A Baseball Metaphor for Writers

There are certain things you can’t predict in both baseball and writing.

On Monday night, my beloved Pirates were playing the SF Giants in Pittsburgh. The Giants came in as baseball’s hottest team, winning their previous 8 games. The Pirates came in as one of the coldest teams in baseball, losing 17 out of their last 22 games.

To make matters worse for this Bucco fan, the Giants started one of the toughest pitchers in all of baseball, Madison Bumgarner, who has basically been unbeatable for the last two months. His ERA entering the game was around 1.90. The Pirates started Jeff Locke, frequent punching bag for the Bucco fandom, sporting a gaudy 5.90 ERA and getting absolutely shelled in his last two starts.

At all odds, the Giants should have won this game, and it shouldn’t have been close. If there was a person in Las Vegas betting the ranch on the Pirates on Monday, he would have been very foolish. He also would have ended up very rich.

Pirates won 1-0.

The unpredictability of baseball is something that I love. Any team, no matter how terrible, can beat any other team, even if they are being compared to the ’27 Yankees. You have to play the game. You have to get through 9 innings and make 27 outs. And if you do that, if you show up, if you try, if you give it your best shot, you never know what might happen.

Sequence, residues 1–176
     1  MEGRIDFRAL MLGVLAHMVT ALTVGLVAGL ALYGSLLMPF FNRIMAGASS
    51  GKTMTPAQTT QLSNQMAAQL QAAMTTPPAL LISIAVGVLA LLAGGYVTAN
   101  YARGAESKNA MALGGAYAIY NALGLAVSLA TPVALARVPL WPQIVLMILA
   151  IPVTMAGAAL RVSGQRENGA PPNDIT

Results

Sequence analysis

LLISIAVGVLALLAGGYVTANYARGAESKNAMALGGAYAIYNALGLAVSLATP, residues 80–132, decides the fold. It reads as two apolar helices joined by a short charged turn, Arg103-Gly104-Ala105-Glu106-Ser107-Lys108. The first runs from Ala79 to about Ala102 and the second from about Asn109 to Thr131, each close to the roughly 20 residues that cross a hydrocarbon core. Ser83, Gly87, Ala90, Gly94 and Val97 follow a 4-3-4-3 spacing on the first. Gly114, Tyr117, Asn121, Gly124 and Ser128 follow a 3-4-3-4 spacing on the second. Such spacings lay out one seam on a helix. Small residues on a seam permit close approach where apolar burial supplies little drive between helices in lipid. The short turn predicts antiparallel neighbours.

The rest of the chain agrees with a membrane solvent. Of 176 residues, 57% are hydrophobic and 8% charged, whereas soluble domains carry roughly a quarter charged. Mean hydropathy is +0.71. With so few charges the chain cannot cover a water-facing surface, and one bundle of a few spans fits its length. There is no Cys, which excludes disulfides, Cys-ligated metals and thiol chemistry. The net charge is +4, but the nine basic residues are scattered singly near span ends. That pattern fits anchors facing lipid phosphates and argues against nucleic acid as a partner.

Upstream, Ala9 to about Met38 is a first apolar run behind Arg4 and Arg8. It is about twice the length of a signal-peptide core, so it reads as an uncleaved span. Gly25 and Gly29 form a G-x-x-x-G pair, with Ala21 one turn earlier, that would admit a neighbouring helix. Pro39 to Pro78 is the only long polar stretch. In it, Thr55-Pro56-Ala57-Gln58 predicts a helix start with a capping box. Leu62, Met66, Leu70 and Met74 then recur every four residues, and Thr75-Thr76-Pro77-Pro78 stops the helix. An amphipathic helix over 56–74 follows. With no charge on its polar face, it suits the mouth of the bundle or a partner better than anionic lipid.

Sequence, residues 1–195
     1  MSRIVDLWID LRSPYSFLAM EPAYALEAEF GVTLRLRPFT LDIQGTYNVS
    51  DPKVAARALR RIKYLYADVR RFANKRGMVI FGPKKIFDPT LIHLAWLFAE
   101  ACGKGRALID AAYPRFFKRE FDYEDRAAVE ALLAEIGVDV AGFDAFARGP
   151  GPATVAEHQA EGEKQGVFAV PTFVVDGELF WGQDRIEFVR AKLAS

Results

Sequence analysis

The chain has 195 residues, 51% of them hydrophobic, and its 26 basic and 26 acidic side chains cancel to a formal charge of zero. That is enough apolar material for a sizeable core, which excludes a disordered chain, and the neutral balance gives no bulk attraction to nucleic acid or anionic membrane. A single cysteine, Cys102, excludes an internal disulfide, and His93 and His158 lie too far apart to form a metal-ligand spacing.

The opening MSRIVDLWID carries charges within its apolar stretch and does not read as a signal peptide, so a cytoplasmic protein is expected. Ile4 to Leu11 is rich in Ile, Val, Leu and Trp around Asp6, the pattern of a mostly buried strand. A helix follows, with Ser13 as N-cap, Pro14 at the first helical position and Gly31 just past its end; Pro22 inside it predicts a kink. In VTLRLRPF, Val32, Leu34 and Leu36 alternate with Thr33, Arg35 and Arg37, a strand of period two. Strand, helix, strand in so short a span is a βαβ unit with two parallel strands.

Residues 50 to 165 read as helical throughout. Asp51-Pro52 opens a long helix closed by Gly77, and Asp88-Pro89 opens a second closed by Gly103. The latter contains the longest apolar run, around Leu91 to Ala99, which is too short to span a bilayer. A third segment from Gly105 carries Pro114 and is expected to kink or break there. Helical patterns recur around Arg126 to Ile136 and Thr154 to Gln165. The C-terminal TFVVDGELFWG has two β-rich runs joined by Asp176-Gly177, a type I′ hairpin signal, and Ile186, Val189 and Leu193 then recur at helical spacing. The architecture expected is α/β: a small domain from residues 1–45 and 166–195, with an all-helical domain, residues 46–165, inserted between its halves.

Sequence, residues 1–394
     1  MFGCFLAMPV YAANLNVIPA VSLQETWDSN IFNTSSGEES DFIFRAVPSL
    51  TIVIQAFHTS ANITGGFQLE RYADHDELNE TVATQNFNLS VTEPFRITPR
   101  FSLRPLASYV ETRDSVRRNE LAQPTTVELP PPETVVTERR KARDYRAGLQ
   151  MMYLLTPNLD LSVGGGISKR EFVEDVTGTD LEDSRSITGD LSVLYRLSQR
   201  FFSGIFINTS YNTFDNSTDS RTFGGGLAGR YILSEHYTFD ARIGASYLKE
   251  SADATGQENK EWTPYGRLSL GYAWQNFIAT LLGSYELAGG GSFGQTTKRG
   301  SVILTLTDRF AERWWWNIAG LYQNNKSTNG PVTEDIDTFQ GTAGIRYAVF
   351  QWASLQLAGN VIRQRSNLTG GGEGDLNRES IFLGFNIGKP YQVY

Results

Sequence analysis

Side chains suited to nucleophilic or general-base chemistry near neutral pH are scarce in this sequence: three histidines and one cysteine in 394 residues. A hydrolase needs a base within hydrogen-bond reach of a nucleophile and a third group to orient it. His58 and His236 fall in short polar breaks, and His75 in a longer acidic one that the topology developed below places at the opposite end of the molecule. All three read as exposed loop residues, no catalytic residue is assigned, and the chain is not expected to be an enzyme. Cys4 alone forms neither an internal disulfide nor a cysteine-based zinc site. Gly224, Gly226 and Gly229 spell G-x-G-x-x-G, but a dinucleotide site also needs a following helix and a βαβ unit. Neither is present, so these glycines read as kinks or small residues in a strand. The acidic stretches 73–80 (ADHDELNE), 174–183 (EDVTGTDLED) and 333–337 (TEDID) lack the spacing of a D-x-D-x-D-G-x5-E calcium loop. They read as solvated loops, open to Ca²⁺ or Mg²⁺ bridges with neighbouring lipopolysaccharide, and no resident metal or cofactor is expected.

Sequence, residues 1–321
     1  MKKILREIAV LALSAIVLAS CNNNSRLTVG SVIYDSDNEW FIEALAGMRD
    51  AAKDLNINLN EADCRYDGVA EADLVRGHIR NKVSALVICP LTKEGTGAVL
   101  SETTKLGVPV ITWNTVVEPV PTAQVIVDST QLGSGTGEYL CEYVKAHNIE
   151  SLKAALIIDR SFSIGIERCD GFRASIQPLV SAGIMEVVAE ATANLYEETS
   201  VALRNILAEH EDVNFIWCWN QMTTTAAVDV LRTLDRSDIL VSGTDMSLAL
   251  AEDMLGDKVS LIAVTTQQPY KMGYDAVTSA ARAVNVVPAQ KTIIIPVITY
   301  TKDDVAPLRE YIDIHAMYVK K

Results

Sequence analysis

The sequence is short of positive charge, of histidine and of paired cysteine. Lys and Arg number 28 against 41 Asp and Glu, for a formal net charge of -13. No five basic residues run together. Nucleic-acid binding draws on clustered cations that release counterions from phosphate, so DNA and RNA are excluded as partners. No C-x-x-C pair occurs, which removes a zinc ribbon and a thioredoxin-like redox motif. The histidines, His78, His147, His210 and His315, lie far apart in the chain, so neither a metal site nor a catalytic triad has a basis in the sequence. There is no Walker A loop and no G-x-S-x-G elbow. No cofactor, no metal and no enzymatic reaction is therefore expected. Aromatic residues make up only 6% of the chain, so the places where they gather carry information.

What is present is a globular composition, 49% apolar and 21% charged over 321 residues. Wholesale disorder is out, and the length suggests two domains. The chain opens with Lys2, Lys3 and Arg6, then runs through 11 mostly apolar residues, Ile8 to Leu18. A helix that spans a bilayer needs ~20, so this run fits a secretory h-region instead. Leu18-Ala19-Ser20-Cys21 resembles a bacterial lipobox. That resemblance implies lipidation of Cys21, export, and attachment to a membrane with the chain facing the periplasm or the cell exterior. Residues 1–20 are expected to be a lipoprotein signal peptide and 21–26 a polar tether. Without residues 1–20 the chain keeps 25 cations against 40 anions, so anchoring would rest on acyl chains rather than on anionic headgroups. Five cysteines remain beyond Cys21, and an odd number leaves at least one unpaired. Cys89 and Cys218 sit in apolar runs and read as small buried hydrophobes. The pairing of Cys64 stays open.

And that’s exactly the same with indie authors, and it’s exactly why indie authors shouldn’t ever give up. We play in the big leagues now. Sure, we don’t have the big purse strings as those literary giants in New York. Yes, we might have to ride on the minor league buses and eat at grubby diners rather than heading to a Japanese Kobe Steak House. But if we show up, and play the game, you never know what might happen.

And what’s our game? Writing. Editing. Writing. Planning. Searching for reviewers. Engaging with readers. Offering promotions. And when they don’t work, we try something else. And then something else. And then something else. And when we have been completely blindsided and discouraged by our “losses,” we just show up the next day and write some more.

Because you never know what might happen. You never know when that one influential person will pick up your book and love it. You never know when sales will just take off. You never know when that literary agent will come to your door and knock it down. You never know when your promotion will work beyond expectations or when a certain reviewer will pass your work on to someone else.

You never know. So indie authors, if you are feeling discouraged by a lack of sales or by a bad review, just know that you’re only in the bottom of the second. There’s a whole lot more game ahead, and anything can happen.

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